Taxpayers are being treated unfairly by HM Revenue & Customs and the government’s tax collection arm has become too powerful, according to a new House of Lords report.
The Lords Economic Affairs Committee said HMRC is failing to “discriminate effectively” between the different kinds of activities it classes as tax avoidance.
“There is a clear difference in culpability, for example, between deliberate and contrived tax avoidance by sophisticated, high-income individuals, and uninformed or naive decisions by unrepresented taxpayers,” the committee said.
The Lords report specifically highlighted the loan charge, due to be introduced next year, which could see up to 50,000 people facing huge tax bills because of payment schemes they used as contractors in the past.
According to the committee, HMRC failed to communicate properly with those affected.
Lord Forsyth of Drumlean, chair of the committee, said: "HMRC is right to tackle tax evasion and aggressive tax avoidance. However, a careful balance must be struck between clamping down and treating taxpayers fairly.
"Our evidence has convinced us that this balance has tipped too far in favour of HMRC and against the fundamental protections every taxpayer should expect."
John O’Connell, chief executive of the TaxPayers’ Alliance, said: “We are encouraged to see some parliamentarians recognise that HMRC has gone too far in many instances, and that the balance is tipped against ordinary taxpayers.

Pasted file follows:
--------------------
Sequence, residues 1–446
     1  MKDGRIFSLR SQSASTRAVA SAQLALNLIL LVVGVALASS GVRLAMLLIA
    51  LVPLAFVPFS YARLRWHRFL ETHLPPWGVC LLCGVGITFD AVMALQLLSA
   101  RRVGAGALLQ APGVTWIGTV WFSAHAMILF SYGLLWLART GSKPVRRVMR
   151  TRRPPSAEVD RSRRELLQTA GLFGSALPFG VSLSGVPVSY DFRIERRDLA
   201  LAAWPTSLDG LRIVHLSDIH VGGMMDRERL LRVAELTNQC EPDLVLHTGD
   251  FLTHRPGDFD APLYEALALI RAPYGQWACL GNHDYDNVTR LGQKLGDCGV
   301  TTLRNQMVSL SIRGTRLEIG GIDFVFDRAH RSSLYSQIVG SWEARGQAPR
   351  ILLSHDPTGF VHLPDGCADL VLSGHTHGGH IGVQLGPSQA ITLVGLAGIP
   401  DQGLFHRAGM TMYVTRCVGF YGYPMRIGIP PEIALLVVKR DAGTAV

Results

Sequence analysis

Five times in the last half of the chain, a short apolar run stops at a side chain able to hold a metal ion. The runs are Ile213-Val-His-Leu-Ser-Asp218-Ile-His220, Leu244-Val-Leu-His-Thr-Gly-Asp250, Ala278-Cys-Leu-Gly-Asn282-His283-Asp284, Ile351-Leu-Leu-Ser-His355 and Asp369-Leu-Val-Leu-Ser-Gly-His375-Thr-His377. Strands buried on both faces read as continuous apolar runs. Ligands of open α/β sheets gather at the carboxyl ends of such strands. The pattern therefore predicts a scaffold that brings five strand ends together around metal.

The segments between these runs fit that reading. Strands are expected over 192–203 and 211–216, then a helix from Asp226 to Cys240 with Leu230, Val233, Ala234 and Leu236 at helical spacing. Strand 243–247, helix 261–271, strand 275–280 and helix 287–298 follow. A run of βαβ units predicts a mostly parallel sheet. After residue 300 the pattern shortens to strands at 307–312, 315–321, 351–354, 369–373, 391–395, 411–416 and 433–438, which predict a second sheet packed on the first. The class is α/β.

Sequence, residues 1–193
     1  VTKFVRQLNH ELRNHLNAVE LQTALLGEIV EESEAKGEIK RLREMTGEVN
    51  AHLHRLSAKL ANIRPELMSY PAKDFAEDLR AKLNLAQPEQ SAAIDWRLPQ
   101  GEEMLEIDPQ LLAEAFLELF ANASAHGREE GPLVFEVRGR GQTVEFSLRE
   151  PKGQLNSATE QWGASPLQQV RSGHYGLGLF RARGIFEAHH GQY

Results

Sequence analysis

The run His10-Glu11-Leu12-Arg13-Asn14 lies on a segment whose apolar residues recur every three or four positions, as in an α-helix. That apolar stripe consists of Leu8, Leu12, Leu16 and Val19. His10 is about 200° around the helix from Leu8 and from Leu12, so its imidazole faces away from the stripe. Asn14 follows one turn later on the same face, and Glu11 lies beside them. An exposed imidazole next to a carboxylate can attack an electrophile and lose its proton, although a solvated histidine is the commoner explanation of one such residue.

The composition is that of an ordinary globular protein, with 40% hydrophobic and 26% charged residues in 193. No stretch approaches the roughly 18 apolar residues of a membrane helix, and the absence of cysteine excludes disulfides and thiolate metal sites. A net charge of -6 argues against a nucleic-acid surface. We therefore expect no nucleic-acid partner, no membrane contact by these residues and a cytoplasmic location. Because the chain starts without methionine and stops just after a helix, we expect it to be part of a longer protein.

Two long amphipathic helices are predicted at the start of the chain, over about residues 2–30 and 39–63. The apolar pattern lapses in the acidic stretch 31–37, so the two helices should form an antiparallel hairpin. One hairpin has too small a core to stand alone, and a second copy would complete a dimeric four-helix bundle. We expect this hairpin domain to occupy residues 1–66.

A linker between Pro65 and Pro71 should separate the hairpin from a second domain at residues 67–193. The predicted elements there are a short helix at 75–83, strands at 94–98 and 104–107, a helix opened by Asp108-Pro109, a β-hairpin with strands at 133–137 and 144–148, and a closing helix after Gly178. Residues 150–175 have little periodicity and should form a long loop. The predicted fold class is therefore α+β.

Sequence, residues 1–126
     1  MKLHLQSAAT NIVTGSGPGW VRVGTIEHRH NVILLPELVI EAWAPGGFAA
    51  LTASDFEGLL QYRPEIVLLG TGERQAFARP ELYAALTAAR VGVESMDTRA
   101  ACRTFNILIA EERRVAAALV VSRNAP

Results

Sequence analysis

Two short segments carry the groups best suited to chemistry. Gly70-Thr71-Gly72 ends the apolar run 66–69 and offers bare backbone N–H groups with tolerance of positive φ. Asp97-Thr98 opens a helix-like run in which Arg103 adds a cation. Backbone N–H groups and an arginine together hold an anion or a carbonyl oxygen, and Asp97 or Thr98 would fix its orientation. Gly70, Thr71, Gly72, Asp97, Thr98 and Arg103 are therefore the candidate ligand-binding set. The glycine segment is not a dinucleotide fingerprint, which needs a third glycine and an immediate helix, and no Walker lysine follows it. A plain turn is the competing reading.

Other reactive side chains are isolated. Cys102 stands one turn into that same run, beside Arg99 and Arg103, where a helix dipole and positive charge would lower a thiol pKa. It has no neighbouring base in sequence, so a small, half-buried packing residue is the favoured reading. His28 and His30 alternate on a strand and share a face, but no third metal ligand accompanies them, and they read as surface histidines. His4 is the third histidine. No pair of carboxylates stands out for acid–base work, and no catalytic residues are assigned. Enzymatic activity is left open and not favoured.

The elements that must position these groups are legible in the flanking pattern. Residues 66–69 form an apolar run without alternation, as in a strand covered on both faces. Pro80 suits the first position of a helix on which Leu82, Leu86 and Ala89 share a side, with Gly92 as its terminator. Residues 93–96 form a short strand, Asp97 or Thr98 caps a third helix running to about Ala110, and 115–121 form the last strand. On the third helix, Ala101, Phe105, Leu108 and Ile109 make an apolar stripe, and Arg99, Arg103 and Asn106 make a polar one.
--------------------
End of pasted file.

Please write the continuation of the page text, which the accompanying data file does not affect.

“It’s important to ensure that taxpayers who have been unfairly treated get the justice they deserve. Britain’s hugely complex tax code places an enormous burden on ordinary taxpayers, and it’s time for the government to take bold action to simplify the system.”
A government spokesperson said: “We’ve taken unprecedented action to crackdown on avoidance and evasion, making sure people pay their fair share of tax and securing funding for our vital public services.
“Parliament has given HMRC powers it needs to tackle businesses and individuals who do not pay their fair share, and it uses them responsibly and subject to appropriate checks and balances.”
The spokesperson added: “On the loan charge in particular, it is important to bear in mind that disguised remuneration schemes are aggressive tax avoidance structures that allowed some people to avoid the taxes that Parliament requires them to pay.”
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